RENTON — Abraham Lucas doesn’t have much experience in sitting out.
The Archbishop Murphy High School graduate and Seattle Seahawks right tackle was a notable iron man during his time at Washington State University, starting 42 straight games from 2018-21. So Lucas’ recent stint on injured reserve because of a knee injury was a new phenomenon.
But Lucas returned to the field during Seattle’s 41-35 loss to the Dallas Cowboys last Thursday, and while he’s not yet back to 100%, he’s ready to aid the Seahawks’ cause as they battle for a playoff spot during the season’s final five weeks.
“(After the Dallas game I felt) about as good as you can feel after hitting a bunch of people for however long,” Lucas said when he met with reporters Thursday at the Virginia Mason Athletic Center “I felt OK.
“It felt good for the plays that I was out there. It felt pretty good.”
Lucas, a 2017 graduate of Archbishop Murphy, has been a key member of the Seahawks’ offensive line ever since he was selected in the third round of the 2022 NFL draft. The towering 6-foot-6, 322-pound Lucas earned the starting right tackle position as a rookie and stared 16 of Seattle’s 17 games last season.
Lucas played this season’s opener against the Los Angeles Rams, but afterward was placed on injured reserve because of a lingering knee injury. He missed 10 games before returning to action last week.
“I don’t know if I was surprised (at missing 10 games), I was more disappointed,” Lucas said. “Things happen. Things out of your control happen, so I just tried to roll with it as best as I could.
“It’s kind of a funky deal,” Lucas added about the injury. “I’ve dealt with some stuff when I was in college, but it never really flared up on me until recently.”
When asked if it was something that would need fixing in the offseason, Lucas answered: “Rest assured, I will be getting on top of it. I’m not going into detail about it.”
In the meantime Lucas is playing. He started at right tackle against the Cowboys and played 41 or Seattle’s 69 offensive snaps. Lucas rotated with 41-year-old veteran Jason Peters, who was the primary right tackle the previous five weeks in Lucas’ absence.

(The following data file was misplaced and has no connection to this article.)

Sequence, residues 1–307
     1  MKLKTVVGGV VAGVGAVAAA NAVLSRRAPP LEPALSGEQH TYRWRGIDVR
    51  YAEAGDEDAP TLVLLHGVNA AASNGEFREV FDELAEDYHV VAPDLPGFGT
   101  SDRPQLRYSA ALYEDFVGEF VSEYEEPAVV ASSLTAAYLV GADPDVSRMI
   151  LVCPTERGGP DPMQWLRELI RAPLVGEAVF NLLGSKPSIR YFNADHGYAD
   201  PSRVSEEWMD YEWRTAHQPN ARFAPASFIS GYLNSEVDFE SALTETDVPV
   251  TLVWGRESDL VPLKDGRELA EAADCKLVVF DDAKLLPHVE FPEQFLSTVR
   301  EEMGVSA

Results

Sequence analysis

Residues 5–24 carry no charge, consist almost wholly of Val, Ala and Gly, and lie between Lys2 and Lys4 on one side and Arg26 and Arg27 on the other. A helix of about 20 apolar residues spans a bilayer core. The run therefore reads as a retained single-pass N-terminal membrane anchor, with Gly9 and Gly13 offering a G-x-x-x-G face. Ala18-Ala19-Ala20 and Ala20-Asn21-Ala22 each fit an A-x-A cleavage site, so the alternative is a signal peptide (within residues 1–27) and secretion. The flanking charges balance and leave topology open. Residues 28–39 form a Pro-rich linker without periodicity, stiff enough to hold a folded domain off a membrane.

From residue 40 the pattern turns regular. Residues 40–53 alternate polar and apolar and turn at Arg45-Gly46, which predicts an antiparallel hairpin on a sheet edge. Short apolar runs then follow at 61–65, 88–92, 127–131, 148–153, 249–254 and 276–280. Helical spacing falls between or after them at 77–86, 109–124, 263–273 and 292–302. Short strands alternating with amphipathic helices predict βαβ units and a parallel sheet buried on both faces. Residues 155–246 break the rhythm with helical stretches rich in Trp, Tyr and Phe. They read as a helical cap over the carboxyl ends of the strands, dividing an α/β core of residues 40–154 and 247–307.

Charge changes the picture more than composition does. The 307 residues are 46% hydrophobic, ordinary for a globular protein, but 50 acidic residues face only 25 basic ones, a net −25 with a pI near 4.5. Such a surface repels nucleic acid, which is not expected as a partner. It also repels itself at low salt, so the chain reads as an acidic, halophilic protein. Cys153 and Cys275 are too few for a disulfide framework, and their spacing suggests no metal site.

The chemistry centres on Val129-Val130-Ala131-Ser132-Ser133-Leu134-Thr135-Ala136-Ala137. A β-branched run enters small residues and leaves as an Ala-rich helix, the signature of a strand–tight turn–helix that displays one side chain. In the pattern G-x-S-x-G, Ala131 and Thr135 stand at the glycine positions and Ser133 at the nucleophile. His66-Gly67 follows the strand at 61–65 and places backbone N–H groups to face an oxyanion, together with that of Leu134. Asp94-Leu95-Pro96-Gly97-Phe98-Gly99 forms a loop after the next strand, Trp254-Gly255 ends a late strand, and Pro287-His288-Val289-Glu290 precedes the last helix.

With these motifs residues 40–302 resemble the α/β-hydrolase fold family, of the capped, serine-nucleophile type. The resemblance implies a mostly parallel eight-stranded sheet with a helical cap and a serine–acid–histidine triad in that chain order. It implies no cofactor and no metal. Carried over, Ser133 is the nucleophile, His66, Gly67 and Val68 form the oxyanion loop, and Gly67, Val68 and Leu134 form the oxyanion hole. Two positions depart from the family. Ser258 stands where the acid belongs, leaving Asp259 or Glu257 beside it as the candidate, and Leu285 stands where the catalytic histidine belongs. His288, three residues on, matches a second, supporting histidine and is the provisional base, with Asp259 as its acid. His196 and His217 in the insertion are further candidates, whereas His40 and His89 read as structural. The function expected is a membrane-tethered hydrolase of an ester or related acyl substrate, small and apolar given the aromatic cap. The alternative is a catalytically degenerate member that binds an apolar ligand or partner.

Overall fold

“He looked good,” Seattle coach Pete Carroll said about Lucas’ performance. “He played strong football, did a nice job. He’s rusty in some stuff, totally understandable, but it’s good to have him. It felt good to have him there pushing the piles and knocking people around. He’ll just get better. He just needed the play time.”
Seattle’s offense, which was awful in three of the previous four games, sparked to life against the Cowboys. The Seahawks gained 406 yards against one of the league’s top defenses, and the 35 points were more than Seattle scored in those three defeats (against Baltimore, the Los Angeles Rams and San Francisco) combined. One can only speculate about how much Lucas’ return played into the improvement, but it was a positive sign for the Seahawks nonetheless.
“It was super encouraging,” Lucas said. “That’s the main goal all of the time for any offense across the league, to show up in that way every single game. It’s just on us to continue that now and keep putting our best foot forward.”
The timing of Lucas’ return was fortuitous, as the Thursday game at Dallas gave Lucas three extra days to recover ahead of Sunday’s trip to play San Francisco. Lucas was limited in practice this week, but is not listed on Seattle’s injury report.
The task gets no easier for Seattle (6-6) on Sunday, particularly the offense. The 49ers are 9-3, rank second in the NFL in scoring defense, and are coming off an impressive 42-19 victory at NFL-leading Philadelphia — not to mention the 31-13 pasting they put on the Seahawks at Lumen Field on Thanksgiving.
“The 49ers are a good team,” Lucas said. “They obviously have an outstanding defense, they’re coached very well. They have a few All-Pros on that side, so you know it’s going to be a battle every single game, so you have to be ready for that.”